We’ve had a number of notable winners in the PleinAir Salon, but the First Place winner of the June-July contest is a true first — a collaboration between two painters.
The husband-wife team of Evgeny and Lydia V. Baranov explained that “Morning of the Little Dreamer” was part of an intense streak of painting scenes in Honfleur, France. “Our choice of subjects seems to evolve in cycles, even in infatuations, during lengthy time periods,” says the duo. “For instance, right now it is Hoorn, Netherlands — we just went there this spring, and are leaving again for an over-three-week plein air painting trip there this coming weekend. In the past, for a number of years, it was Venice and Venetian Carnival, overlapped with and later dominated by moving horse carriages in Brugge, Belgium.

“Drying the Sail,” by Evgeny and Lydia V. Baranov, 2013, oil, 30 x 24 in. Private collection

“Between the summer of 2012 and the autumn of 2014, it was the lovely harbor of Honfleur, France, with its charming old fishing boats and yachts, painterly buildings, and ever-changing light. During that time frame, we visited Honfleur five times and brought back with us a total of about 50 medium to large completed plein air paintings, to say nothing of small studies and sketches. A number of larger studio works, ‘Morning of the “Little Dreamer’ among them, came to life based on these plein air experiences.”

 La Petite Chine With Friends, Honfleur,” by Evgeny and Lydia V. Baranov, 2012, oil, 24 x 24 in. Private collection

Yes, that’s right: The two painters work en plein air, but this particular piece was done in the studio. “It would have been impossible to capture in depth the translucent purity and precise design of an Honfleur morning in plein air, so we felt it had to be a large painting, created in the un-hasty comfort of the studio. The greatest challenge, as always in a studio work, is to find the nerve to restrain the Janus-faced perfectionism and to leave some room for spontaneity, even error.”

“Old Yachts, Honfleur,” by Evgeny and Lydia V. Baranov, 2012, oil, 24 x 24 in. Private collection

Many of us can’t imagine working on the same painting with another artist. How do the Baranovs make it work? “As always with collaborative work, the greatest challenge is learning to respect the opinion of the creative partner and to accept constructive criticism,” they say. “We started collaborating almost 25 years ago; collaboration has become our trademark. At that starting point, if we remember correctly, the idea of collaboration was more than anything an experiment, an attempt to avoid competition (and conflict!) within the family — not that it was a solution for that purpose, as it turned out; naturally, new challenges came about. Although some rough edges have certainly become much smoother, the completion point is still always a sensitive area. But we do not even need to verbally discuss the initial concept, to say nothing of arguing about it. In a plein air situation, it is enough just to exchange glances and get our hands on it. Completing a piece is also somewhat easier in plein air, where we start and finish together, simultaneously, and there is no time to afford much discussion or argument —sometimes, not even enough time to breathe!”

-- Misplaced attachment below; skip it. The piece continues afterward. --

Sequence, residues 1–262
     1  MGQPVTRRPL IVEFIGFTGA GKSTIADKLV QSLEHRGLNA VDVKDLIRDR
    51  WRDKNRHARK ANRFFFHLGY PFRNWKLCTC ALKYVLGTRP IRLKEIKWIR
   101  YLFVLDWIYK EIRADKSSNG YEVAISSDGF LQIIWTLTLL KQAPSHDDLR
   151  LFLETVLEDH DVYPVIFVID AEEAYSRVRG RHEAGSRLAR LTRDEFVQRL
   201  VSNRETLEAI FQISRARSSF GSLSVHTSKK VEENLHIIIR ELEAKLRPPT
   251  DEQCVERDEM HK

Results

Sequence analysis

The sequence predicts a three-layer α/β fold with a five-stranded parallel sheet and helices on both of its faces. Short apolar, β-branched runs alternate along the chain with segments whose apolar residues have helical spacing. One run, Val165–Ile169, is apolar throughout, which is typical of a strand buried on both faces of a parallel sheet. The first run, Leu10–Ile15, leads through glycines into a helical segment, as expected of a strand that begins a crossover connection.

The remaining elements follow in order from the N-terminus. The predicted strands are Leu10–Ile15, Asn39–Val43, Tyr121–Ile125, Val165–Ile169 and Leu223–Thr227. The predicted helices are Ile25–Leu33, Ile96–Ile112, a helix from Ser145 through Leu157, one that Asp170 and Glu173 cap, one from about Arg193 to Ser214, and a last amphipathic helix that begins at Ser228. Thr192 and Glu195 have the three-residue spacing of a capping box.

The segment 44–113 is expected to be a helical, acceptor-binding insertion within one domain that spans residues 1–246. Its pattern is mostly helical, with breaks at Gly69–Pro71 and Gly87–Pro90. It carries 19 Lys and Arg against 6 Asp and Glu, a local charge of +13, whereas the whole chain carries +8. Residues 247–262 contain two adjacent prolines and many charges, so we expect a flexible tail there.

The Baranovs report that the time restraints inherent in plein air painting keep the collaboration moving along briskly. “At the studio, it is a different story,” they report. “We have plenty of time to torture each other’s egos! Over the years, we have come to accept the idea of working on two-three studio pieces at the same time, with each of us switching from piece to piece and giving some ‘breathing room’ to the other one for doing what he/she thinks necessary to be done on each piece in progress.”
Collectors appreciate the work of Lydia and Evgeny, and their pieces get snapped up by buyers. The salon winner was something special.

“Honfleur Harbor Dwellers,” by Evgeny and Lydia V. Baranov, 2013, oil, 36 x 24 in. Private collection

“Generally, we were happy with how ‘Morning of the “Little Dreamer’ turned out —we even fought less than usual! We felt that, rather than hurry to give it to a gallery and have it sold and locked up in its new home, we would prefer to give it a chance to be seen, to give ourselves the joy of sharing it with a larger audience. That is why we entered it in the PleinAir Salon.”
In April, $21,000 in prizes will be awarded to the annual winners at the 2016 PleinAir Convention & Expo. The PleinAir Salon consists of six bi-monthly contests, with the First, Second, and Third Place winners of each contest, and the category winners, automatically entered into the annual competition. First prize in the annual competition is $15,000 cash and the publication of the winning image on the cover of PleinAir magazine, along with a feature story. Second Place earns an artist $3,000 and an article in the digital edition of PleinAir magazine. Third Place yields $1,500 in cash. Three additional finalists win $500. Aside from First, Second, and Third Place overall, categories include Best Oil, Best Pastel, Best Watercolor, Best Acrylic, Best Plein Air, Best Building, Best Figure in the Landscape, Best Floral, Best Landscape, Best Outdoor Still Life, Best Nocturne, Best Water, and Best Artist Under 30.

“Fresh Day, Honfleur,” by Evgeny and Lydia V. Baranov, 2014, oil, 24 x 24 in. Private collection

The winner of each bi-monthly contest is featured in this e-newsletter and profiled on OutdoorPainter.com. The current contest has a deadline of September 30. Enter now at the Salon’s website.


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